Thursday, June 15, 2006

Okay, not to go all serious on you guys, but...

This really, really scares me.

Look, I love my country -- or at least, I love the ideals my country is supposed to stand for. But I don't love seeing those ideals bastardized in the name of "patriotism." I cannot think of a more ironic amendment to add to the Constitution.

I hope the Senate will do the right thing and defeat this. But if we can't trust our leaders to do it, I hope that the people will stand up for their own rights. But I'm not confident -- perhaps Americans will surprise me, but I'm worried. I see far too many people willing to simply give everything over to the government -- money, power, discretion -- so that they just don't have to worry about it anymore.

Ugh. I just. I'll just stop now.


At June 16, 2006 at 1:33 PM, Blogger Cop the Truth said...

I have to disagree on this one... The Supreme Court ruled that burning the flag was free speech, when it clearly is not. Seems like arson and vandalism are more of an action. It's time to amend that flawed ruling. And I think the military folks, the cops, the firefighters, that lie with that flag draped over their coffins have the right to think that the flag they defended will be protected by all of us. We owe them that, at the very least.

At June 16, 2006 at 2:46 PM, Blogger The Law Fairy said...

Hi cop, thanks for the visit!

You're correct that burning a flag has action components to it, which is what makes it one of the "fuzzier" areas of constitutional law. But you can't deny the speech component of flag burning -- in fact, your comment demonstrates its powerful speech element. Burning the American flag is importantly different from burning a piece of paper, or some meaningless flag. It sends a message -- maybe it's anti-patriotic, maybe it's anti-administration, maybe it's even anti-troops (although I have yet to meet a person who identifies as "anti-troops" :)). But it does send a powerful message in a way that simple words wouldn't -- kind of like the saying, actions speak louder than words.

I'm not supporting any particular sentiment, but I think that outlawing flag burning is a bastardization of our basic principles of free speech. Free speech as a concept has been watered down and muddied through abusive and laughable interpretation as protecting, for example, sensual stripping. I would be ashamed to live in a country that viewed the objectification of women as a constitutional right, but denied to the people the right to certain forms of protest against the government. Protesting the government is the ONLY thing that makes this country worth living in. Not the money, not the weather, not the movie stars. It's our freedom of speech. It's my freedom to say that the Congress has its head up its ass. The idea that Congress would take away from me the right to express my discontent with it... well, actually, that kinda makes me wanna burn a flag. And I never ever wanted to before.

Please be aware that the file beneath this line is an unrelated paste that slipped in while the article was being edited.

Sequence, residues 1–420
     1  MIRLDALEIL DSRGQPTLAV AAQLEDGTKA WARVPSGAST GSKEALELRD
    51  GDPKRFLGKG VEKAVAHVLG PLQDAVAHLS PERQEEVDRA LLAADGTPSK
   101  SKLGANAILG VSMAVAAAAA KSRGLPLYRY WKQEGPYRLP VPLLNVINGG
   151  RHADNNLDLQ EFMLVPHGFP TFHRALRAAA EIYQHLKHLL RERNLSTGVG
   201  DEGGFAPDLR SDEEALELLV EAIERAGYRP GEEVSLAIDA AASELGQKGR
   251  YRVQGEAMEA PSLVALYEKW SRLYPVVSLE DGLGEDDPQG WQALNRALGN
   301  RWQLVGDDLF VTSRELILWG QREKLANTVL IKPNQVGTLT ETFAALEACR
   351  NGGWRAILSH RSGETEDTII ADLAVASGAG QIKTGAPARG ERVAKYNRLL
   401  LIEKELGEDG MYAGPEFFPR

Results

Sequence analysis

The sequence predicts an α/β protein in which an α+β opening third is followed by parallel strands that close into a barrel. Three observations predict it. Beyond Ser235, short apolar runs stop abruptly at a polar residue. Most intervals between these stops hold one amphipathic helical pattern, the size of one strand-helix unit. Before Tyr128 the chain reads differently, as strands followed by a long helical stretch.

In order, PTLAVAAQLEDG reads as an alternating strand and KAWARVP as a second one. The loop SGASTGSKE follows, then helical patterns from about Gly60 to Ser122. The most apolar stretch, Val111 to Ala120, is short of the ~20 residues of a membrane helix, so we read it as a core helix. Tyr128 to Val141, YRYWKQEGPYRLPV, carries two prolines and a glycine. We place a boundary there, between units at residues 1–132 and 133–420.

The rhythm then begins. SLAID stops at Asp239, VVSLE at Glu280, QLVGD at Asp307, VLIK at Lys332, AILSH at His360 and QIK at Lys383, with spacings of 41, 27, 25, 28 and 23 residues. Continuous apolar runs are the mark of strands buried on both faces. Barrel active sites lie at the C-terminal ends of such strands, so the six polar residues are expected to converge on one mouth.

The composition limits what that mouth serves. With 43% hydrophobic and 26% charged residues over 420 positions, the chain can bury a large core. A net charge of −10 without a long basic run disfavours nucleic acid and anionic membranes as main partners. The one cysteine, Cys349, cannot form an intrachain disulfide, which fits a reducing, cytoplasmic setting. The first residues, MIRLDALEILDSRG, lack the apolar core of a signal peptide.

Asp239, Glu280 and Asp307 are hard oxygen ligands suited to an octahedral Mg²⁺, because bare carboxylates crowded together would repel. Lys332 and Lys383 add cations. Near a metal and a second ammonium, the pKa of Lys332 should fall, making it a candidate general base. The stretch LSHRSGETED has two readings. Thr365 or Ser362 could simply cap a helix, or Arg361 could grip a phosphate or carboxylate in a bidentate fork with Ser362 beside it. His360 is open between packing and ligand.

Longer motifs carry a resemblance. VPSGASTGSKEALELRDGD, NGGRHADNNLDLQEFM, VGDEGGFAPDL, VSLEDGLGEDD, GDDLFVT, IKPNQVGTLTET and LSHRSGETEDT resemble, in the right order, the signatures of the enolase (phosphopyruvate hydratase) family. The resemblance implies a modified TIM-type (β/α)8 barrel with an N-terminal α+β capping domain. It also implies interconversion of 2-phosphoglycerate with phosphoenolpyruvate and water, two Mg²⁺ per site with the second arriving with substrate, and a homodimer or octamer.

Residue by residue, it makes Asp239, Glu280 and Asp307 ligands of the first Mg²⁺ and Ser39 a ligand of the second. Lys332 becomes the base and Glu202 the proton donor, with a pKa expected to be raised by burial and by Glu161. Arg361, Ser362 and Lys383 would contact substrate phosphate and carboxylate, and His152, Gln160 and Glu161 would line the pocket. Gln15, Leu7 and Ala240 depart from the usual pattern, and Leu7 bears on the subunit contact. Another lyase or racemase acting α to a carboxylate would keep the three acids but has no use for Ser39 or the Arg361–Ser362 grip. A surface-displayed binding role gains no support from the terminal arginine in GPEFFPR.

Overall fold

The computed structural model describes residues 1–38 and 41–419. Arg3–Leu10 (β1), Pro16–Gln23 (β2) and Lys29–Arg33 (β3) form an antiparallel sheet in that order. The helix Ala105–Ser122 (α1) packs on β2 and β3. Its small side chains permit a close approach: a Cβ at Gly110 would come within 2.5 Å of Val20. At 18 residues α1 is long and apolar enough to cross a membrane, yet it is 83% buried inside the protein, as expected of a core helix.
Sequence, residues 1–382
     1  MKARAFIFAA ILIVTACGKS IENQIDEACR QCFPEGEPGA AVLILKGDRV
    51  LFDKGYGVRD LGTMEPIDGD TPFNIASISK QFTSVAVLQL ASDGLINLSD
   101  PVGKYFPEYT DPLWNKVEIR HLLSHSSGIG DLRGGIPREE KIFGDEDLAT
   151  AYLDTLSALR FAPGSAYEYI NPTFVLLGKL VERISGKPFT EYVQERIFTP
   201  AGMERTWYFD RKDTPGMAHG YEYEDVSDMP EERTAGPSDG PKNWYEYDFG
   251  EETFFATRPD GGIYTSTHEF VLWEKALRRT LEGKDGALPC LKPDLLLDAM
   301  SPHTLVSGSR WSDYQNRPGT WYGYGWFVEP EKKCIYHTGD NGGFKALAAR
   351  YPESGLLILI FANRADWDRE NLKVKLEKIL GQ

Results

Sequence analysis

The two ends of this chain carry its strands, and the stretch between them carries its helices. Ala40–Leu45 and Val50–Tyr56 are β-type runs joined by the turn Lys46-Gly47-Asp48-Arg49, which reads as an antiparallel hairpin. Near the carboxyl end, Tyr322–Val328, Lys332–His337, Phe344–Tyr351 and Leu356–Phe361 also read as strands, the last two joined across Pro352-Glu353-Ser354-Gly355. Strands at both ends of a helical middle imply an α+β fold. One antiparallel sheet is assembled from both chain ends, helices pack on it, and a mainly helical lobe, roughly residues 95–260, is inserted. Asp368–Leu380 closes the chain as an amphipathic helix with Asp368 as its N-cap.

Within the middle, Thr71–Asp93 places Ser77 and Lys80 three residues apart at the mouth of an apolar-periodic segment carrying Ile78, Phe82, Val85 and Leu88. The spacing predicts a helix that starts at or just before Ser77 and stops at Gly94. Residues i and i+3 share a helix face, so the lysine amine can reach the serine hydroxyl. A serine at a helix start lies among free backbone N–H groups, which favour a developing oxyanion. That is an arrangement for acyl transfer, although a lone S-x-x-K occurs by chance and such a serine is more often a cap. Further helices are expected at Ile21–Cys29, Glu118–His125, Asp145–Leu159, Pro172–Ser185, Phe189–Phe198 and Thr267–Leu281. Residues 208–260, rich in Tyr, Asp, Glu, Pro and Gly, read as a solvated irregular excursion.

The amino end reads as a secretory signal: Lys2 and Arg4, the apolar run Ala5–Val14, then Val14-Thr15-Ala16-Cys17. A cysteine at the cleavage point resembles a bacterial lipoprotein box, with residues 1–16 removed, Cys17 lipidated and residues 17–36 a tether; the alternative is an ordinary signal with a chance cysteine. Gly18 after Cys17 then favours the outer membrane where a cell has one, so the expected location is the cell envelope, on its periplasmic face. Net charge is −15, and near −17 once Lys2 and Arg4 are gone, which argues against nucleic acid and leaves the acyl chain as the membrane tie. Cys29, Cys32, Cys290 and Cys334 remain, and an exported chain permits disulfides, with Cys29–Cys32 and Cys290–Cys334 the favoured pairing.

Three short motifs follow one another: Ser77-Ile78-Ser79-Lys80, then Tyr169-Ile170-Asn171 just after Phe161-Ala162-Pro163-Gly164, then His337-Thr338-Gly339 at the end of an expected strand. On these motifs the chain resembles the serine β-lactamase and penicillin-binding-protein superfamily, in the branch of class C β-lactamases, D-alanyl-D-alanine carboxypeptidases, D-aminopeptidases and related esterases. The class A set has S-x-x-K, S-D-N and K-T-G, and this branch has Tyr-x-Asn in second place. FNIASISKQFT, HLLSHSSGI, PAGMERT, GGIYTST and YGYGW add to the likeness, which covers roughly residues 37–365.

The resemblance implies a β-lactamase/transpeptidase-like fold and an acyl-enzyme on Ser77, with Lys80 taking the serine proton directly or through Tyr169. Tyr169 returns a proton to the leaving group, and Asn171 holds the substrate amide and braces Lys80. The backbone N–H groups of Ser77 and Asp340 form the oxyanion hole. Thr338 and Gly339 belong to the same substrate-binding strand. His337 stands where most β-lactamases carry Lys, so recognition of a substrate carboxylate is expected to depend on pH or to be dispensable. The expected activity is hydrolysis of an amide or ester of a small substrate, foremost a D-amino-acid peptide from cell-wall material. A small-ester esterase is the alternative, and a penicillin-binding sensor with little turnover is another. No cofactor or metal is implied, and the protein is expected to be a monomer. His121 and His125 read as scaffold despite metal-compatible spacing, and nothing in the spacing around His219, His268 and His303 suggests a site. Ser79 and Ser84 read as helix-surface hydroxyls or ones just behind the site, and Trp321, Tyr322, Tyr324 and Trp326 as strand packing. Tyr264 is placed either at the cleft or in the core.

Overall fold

At June 19, 2006 at 11:14 AM, Blogger John-Michael said...

Umm, a thoughtful debate -- thank your law fairy and cop the truth for modeling and establishing best practices for discussion. Too bad our state, national and business leaders aren't watching.

Burning flags -- nation, organization, cause or otherwise -- is a deed that goes beyond free expression and speech (i.e. one of my favorite expressions summarizes it well, "it has baggage"). Aside from retiring the colors, I cannot think of an appropriate reason to burn the flag. When I see a flag burning, it is alarming and offensive. I cannot support an amendment which suspends my right and voice; moreover, I cannot support an amendment that likens my speech to a criminal act.

In addition, censoring human voices and expression is a slippery, dangerous slope. I'm consciously aware of the merit in the bumper sticker popping up on cars, "It isn't fascism the way we do it!" Of course, it is mocking the neo-conservative era of policy-making. Obviously we are far from Hitler's Nazi fascist 3rd Reich; however, since 2000 there have been times I wonder which direction we are going??

I am opposed to an amendment to the US Constitution banning flag-burning. Censorship is wholly un-American; and fascism is not the organizational system I seek in power. Even acknowledging there will be times when I'm offended and disagree.

At June 20, 2006 at 3:05 PM, Blogger The Law Fairy said...

Hi John-Michael! I love when you visit my blog :)

I think flag burning would disturb me if it was others doing it (e.g., Islamic extremists in the Middle East), but not if it was American protestors. I trust that the American protestors for the most part are angry at the government, rather than their fellow citizens. I don't trust foreign extremists to make that important distinction.

So it is ironic to me that our government wants to silence the people who are far less harmful in the grand scheme of things. If someone is being disorderly or dangerous, obviously it is within the state's power to intervene (this is consistent with current constitutional jurisprudence) -- but the bare symbolism of burning the flag is something that should not be denied to Americans. After all, it is OUR flag, and WE should be the ones who can decide how and when and why to burn it.


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